At each position <math>\mathbf{x}<math>, the oscillating secondorder polarization radiates at angular frequency <math>\omega_3<math> and a corresponding wave vector <math>\mathbf{k}_3 = n(\omega_3)\omega_3/c<math>. Constructive interference, and therefore a high intensity <math>\omega_3<math> field, will occur only if
 <math>\mathbf{k}_3 = m_1 \mathbf{k}_1 + m_2 \mathbf{k}_2<math>.
The above equation is known as the phase matching condition. Typically, threewave mixing is done in a birefringent crystalline material (I.e., the refractive index depends on the polarization and direction of the light that passes through.), where the polarizations of the fields and the orientation of the crystal are chosen such that the phasematching condition is fulfilled. This phase matching technique is called angle tuning.
One undesirable effect of angle tuning is that the optical frequencies involved are not collinear with each other. This is due to the fact the extraordinary wave propagating through a birefringent crystal posses a Poynting vector is not parallel with the propagation vector. This would lead to beam walkoff which limits the nonlinear optical conversion efficiency. Two other methods of phase matching avoids beam walkoff by forcing all frequencies to propagate at 90 degree angle with respect to the optical axis of the crystal. These methods are call temperature tuning and quasiphase matching.
Temperature tuning is where the pump (laser) frequency polarization is orthogonal to the signal and idler frequency polarization. The birefringence in some crystals, in particular Lithium Niobate is highly temperature dependent. The crystal is controlled at a certain temperature to achieve phase matching condition.
The other method quasiphase matching. In this method the frequencies involved are not constantly locked in phase with each other, instead the crystal axis is flipped at a regular interval λ, typically 15 micrometres in length. Hence, these crystals are called periodicallypoled. This results in the polarization response of the crystal to be shifted back in phase with the pump beam by reversing the nonlinear susceptibility. This allows net positive energy flow from the pump into the signal and idler frequencies. In this case, the crystal itself provides the additional wavevector k=2π/λ(and hence momentum) to satisfy the phase matching condition.
Higherorder frequency mixing
The above holds for <math>\chi^{(2)}<math> processes. It can be extended for processes where <math>\chi^{(3)}<math> is nonzero, something that is generally true in any medium without any symmetry restrictions. Thirdharmonic generation is a <math>\chi^{(3)}<math> process, although in laser applications, it is usually implemented as a twostage process: first the fundamental laser frequency is doubled and then the doubled and the fundamental frequencies are added in a sumfrequency process. The Kerr effect can be described as a <math>\chi^{(3)}<math> as well.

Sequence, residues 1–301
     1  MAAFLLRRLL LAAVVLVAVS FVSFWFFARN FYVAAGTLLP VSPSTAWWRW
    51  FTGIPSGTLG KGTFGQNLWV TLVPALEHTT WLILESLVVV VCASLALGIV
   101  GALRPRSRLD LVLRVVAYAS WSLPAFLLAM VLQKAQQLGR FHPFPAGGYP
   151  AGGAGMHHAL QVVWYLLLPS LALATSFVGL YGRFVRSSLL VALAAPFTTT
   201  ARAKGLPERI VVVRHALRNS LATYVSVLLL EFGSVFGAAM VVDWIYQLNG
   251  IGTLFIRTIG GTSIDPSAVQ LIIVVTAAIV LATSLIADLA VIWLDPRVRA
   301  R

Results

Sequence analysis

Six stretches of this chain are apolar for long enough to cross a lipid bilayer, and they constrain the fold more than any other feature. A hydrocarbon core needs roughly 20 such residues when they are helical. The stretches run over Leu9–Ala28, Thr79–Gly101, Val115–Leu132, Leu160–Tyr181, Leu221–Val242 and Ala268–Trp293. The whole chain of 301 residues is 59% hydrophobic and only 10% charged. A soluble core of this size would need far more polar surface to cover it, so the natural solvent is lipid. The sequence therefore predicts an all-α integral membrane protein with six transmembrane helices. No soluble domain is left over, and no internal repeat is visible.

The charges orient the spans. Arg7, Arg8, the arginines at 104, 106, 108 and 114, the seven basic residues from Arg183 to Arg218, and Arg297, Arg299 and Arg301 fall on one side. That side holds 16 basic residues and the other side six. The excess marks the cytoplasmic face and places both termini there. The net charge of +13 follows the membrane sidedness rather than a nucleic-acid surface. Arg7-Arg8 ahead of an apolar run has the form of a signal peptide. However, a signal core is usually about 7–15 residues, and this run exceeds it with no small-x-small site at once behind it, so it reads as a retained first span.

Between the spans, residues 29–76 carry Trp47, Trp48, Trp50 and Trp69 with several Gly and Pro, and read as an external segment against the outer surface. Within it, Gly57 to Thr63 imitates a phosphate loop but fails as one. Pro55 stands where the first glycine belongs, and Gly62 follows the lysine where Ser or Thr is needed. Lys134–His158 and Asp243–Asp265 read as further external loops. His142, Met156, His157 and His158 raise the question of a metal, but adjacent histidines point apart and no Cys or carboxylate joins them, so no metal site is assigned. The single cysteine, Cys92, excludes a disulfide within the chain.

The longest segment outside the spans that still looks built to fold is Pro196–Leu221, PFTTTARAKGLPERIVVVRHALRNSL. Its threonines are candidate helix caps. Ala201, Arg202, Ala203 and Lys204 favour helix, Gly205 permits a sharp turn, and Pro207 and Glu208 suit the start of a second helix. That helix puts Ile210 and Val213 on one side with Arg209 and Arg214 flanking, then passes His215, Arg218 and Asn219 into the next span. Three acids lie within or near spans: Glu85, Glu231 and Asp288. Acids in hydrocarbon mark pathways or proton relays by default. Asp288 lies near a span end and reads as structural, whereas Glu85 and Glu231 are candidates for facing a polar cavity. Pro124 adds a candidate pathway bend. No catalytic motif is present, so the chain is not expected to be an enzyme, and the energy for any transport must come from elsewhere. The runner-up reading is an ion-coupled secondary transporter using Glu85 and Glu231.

Optical phase conjugation
PhaseConjugationPrinciple.en.png
It is possible, using nonlinear optical processes, to exactly reverse the propagation direction and phase variation of a beam of light. The reversed beam is called a conjugate beam, and thus the technique is known as optical phase conjugation (also called time reversal, wavefront reversal and retroreflection).
The most common way of producing optical phase conjugation is to use a fourwave mixing technique, though it is also possible to use processes such as stimulated Brillouin scattering. A device producing the phase conjugation effect is known as a phase conjugate mirror (PCM).
For the fourwave mixing technique, we can describe four beams (j = 1,2,3,4) with electric fields:
 <math>\Xi_j(\mathbf{x},t) = \frac{1}{2} E_j(\mathbf{x}) e^{i (\omega_j t  \mathbf{k}\cdot\mathbf{x})} + \mbox{c.c.} <math>
where E_{j} are the electric field amplitudes. Ξ_{1} and Ξ_{2} are known as the two pump waves, with Ξ_{3} being the signal wave, and Ξ_{4} being the generated conjugate wave.
If the pump waves and the signal wave are superimposed in a medium with a nonzero χ^{(3)}, this produces a nonlinear polarization field:
 <math>P_{\mbox{NL}} = \epsilon_0 \chi^{(3)} (\Xi_1 + \Xi_2 + \Xi_3)^3<math>
resulting in generation of waves with frequencies given by ω = ±ω_{1} ±ω_{2} ±ω_{3} in addition to third harmonic generation waves with ω = 3ω_{1}, 3ω_{2}, 3ω_{3}.
As above, the phasematching condition determines which of these waves is the dominant. By choosing conditions such that ω = ω_{1} + ω_{2}  ω_{3} and k = k_{1} + k_{2}  k_{3}, this gives a polarization field:
 <math>P_\omega = \frac{1}{2} \chi^{(3)} \epsilon_0 E_1 E_2 E_3^* e^{i(\omega t  \mathbf{k} \cdot \mathbf{x} ) } + \mbox{c.c.}<math>.
This is the generating field for the phase conjugate beam, Ξ_{4}. Its direction is given by k_{4} = k_{1} + k_{2}  k_{3}, and so if the two pump beams are counterpropagating (k_{1} = k_{2}), then the conjugate and signal beams propagate in opposite directions (k_{4} = k_{3}). This results in the retroreflecting property of the effect.
Further, it can be shown for a medium with refractive index n and a beam interaction length l, the electric field amplitude of the conjugate beam is approximated by
 <math>E_4 = \frac{i \omega l}{2 n c} \chi^{(3)} E_1 E_2 E_3^* <math>
(where c is the speed of light). If the pump beams E_{1} and E_{2} are plane (counterpropagating) waves, then:
 <math>E_4(\mathbf{x}) \propto E_3^*(\mathbf{x})<math>;
that is, the generated beam amplitude is the complex conjugate of the signal beam amplitude. Since the imaginary part of the amplitude contains the phase of the beam, this results in the reversal of phase property of the effect.
Note that the constant of proportionality between the signal and conjugate beams can be greater than 1. This is effectively a mirror with a reflection coefficient greater than 100%, producing an amplified reflection. The power for this comes from the two pump beams, which are depleted by the process.
The frequency of the conjugate wave can be different from that of the signal wave. If the pump waves are of frequency ω_{1} = ω_{2} = ω, and the signal wave higher in frequency such that ω_{3} = ω + Δω, then the conjugate wave is of frequency ω_{4} = ω  Δω. This is known as frequency flipping.
External link
 Encyclopedia of laser physics and technology (http://www.rpphotonics.com/encyclopedia.html), with content on nonlinear optics, by Rüdiger Paschottade:Nichtlineare_Optik